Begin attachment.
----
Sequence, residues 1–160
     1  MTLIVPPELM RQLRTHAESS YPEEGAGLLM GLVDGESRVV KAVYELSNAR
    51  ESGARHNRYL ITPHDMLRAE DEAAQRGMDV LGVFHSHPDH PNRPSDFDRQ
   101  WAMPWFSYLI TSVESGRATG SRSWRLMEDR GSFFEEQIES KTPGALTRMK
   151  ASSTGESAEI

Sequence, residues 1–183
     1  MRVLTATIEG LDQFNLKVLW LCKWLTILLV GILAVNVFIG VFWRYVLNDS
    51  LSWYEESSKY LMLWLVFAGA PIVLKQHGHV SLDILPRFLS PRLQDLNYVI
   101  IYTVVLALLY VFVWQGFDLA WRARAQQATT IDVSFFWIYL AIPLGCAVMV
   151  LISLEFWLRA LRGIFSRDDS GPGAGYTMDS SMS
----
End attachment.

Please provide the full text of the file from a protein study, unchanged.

Sequence, residues 1–160
     1  MTLIVPPELM RQLRTHAESS YPEEGAGLLM GLVDGESRVV KAVYELSNAR
    51  ESGARHNRYL ITPHDMLRAE DEAAQRGMDV LGVFHSHPDH PNRPSDFDRQ
   101  WAMPWFSYLI TSVESGRATG SRSWRLMEDR GSFFEEQIES KTPGALTRMK
   151  ASSTGESAEI

Sequence, residues 1–183
     1  MRVLTATIEG LDQFNLKVLW LCKWLTILLV GILAVNVFIG VFWRYVLNDS
    51  LSWYEESSKY LMLWLVFAGA PIVLKQHGHV SLDILPRFLS PRLQDLNYVI
   101  IYTVVLALLY VFVWQGFDLA WRARAQQATT IDVSFFWIYL AIPLGCAVMV
   151  LISLEFWLRA LRGIFSRDDS GPGAGYTMDS SMS